Apples and oranges, kiddo. Gurewitch’s story is a one-page gag strip in the style of Perry Bible Fellowship that’s clearly meant as a joke, while I assume–and I could be wrong here–that the Girl Comics story is meant to be taken more seriously. But as I said in the review, the characterization is certainly debatable and a pretty minor part of my problems with it.

    I enjoyed Butterfly, quite a bit. And, it seemed to do really well at Forbidden Planet.

    I’m glad!

    also I know you dropped it after Johns left, but on the off chance you care, new Adventure retcons Querl’s origin

    Legion fan that I am, I’m still reading it, actually. I thought this issue was good, although Robinson’s parts are so distinctive that it’s a little jarring.

    Do you read The Boys, Chris? If not, you might want to give this week’s issue a look over. Three words: Herbie. Popnecker. Analogue.

    I don’t, but.. well, I guess now I kinda have to.

    Also, HydrogenGuy and Discount Lad: You know me all too well.

  24. I clicked through to the interview (which somehow I missed at the time), and maybe it’s just my browser, but I have to say black lettering on a black background is a bold move.

  25. Also thank god, for a second I was beginning to think I was the only person who didn’t think Occasional Superheroine and Goodbye to Comics were not in fact mind blowing, insightful and revolutionary.

    “Legion fan that I am, I’m still reading it, actually. I thought this issue was good, although Robinson’s parts are so distinctive that it’s a little jarring.”

    Yeah. Also far as I know I don’t think you have to read the other superbooks for background, they kind of explain it all this issue (though latest Superman has Reep totally punk the US military)

    Random aside: Gates is quickly becoming one of my favorite new writers, I mean the guy took SUPERGIRL from being utterly unreadable to being halfway decent.

  26. Rick: You forgot: Nightcrawler and Cyclops betting on how long it would take for a bar fight to break out.

    Awesome book.

  27. I never thought of using the word schadenfreude (sp?) as an adjective.

    Well played.

  28. Wait a minute, wait a minute…

    Are you telling me that Punisher: Butterfly is not about Frank Castle hunting down and killing all the members of late-90′s, early 00′s lame alt-rap-rock band Crazy Town? Because I would have read the hell out of that if Marvel published it.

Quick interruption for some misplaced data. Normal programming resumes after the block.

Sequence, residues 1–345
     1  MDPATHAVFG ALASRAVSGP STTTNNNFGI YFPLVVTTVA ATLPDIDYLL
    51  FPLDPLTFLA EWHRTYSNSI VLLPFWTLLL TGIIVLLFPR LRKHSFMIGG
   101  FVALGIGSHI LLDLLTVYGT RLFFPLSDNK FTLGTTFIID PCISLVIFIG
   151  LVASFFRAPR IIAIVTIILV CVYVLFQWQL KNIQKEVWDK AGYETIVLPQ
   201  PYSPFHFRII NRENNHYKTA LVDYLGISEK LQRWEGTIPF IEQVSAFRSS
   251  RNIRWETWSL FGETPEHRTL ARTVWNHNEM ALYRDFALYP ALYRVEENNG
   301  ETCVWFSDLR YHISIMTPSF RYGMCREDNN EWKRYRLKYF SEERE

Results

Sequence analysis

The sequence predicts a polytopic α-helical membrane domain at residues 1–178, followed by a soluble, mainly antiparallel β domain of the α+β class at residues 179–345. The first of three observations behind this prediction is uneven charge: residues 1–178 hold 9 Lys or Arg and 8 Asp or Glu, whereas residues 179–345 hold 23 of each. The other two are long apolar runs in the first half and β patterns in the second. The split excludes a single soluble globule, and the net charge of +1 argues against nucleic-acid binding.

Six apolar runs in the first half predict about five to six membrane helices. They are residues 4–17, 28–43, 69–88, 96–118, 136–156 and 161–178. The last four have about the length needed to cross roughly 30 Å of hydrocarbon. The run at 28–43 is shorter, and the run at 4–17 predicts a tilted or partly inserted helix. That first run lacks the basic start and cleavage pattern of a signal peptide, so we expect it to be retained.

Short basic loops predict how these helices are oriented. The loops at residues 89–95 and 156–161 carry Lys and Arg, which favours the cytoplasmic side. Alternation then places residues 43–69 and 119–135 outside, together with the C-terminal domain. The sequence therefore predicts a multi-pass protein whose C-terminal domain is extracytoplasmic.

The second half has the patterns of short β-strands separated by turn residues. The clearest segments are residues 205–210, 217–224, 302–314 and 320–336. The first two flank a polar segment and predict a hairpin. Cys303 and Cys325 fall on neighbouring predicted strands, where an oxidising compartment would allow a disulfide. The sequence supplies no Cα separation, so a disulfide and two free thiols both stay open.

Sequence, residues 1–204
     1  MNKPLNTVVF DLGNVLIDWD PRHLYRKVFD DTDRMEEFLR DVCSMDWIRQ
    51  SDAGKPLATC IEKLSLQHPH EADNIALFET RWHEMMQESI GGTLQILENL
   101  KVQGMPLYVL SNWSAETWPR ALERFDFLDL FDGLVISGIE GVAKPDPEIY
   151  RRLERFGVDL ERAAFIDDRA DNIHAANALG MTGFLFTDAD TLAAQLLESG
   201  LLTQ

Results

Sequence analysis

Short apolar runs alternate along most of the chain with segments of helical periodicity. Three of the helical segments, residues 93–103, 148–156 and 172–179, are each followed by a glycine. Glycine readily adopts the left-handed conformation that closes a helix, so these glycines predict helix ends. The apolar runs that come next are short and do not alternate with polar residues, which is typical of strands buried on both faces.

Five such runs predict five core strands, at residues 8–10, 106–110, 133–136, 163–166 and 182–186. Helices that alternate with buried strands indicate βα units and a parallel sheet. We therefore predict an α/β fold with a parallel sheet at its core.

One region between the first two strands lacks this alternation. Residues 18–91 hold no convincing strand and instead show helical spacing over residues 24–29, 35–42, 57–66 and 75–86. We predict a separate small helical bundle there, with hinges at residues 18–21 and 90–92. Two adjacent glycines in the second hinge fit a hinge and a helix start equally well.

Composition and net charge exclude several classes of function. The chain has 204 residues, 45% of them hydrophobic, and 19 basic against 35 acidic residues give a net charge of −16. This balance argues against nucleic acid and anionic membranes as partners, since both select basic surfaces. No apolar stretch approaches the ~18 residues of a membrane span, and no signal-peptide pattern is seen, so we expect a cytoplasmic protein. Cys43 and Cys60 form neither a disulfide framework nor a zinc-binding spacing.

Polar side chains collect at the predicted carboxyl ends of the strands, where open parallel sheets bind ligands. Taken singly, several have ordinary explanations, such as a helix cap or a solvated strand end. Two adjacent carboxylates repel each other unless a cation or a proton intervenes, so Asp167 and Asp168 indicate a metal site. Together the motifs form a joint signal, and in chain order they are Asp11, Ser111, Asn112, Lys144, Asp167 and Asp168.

(wow, I really went out of my way to make a joke about a band everyone has probably forgotten about already)

  29. A lot of people seem to be having that same reaction to the Punisher story in GIRL COMICS. Great one-pager, cut the rest. I was surprised how disappointed I was in the writing. The opener, the first page of the Punisher story, and the Dr. Octopus story were good, but the rest of the scripts were clumsy, sometimes embarrassingly so.

  30. How did you feel about the end of this week’s Iron Man?

    I really liked it. It’s crazy comic-book science, but in a good way, and it makes for a much easier way to get the Avengers back together after they’d gotten to a point where Captain America and Iron Man just cold could not trust each other. It made a weird, but great symbolic moment of the “death” of the Civil War-era Tony Stark that I think is going to underscore all this Heroic Age stuff.

    Are you telling me that Punisher: Butterfly is not about Frank Castle hunting down and killing all the members of late-90’s, early 00’s lame alt-rap-rock band Crazy Town? Because I would have read the hell out of that if Marvel published it.

    Slow clap.

  31. I kinda liked Seth from Crazy Town on Celebrity Sober House, so I’d be kinda bummed if Punisher killed him, even though Seth could be a big frustrating pain in the ass.

  32. I am a fan of Chris’ and a fan of Valerie’s. One can be both. :)

    I do get all of Chris’ points, and agree with the Mary Sue aspect of the story, but I can’t say I’m surprised…if I had a dollar for every comic book artist (the creator of MAGE comes to mind) who created a doppleganger of themselves for a story, I’d have maybe $12.00.

    Doesn’t excuse it, mind you. I enjoyed Butterfly. Didn’t pick up Girl Comics, so I can’t speak to that.

    I know, Diff’Rent Strokes!

    I too would pay for a Punisher story where he hunts down Crazy Town. Jerks.

  33. Let’s compromise and have him hunt down the cast of mid-’00′s children’s TV show Lazy Town. Die Sportacus, Die!!

  34. Now, I’m not the biggest Punisher fan, so I may be bias, but I think tis fair to say that, comically beating wolverine aside, Sportacus would kick Frank’s arse. The guys bought healthy eating to a generation of Europeans, Punisher’s only ever shot a whole bunch of people.

  35. As I write this, there are 47 comments in response to Chris reviewing a bad comic.

    There are four comments in response to his tribute to nut-shots.

    Priorities, people.

  36. I’m faintly disappointed that Butterfly is not a sequel to Firefly, but from the sounds of it I guess Whedon’s attention may be elsewhere…

  37. *Lazy Town. damn, i hate when i catch typos too late to do anything about them.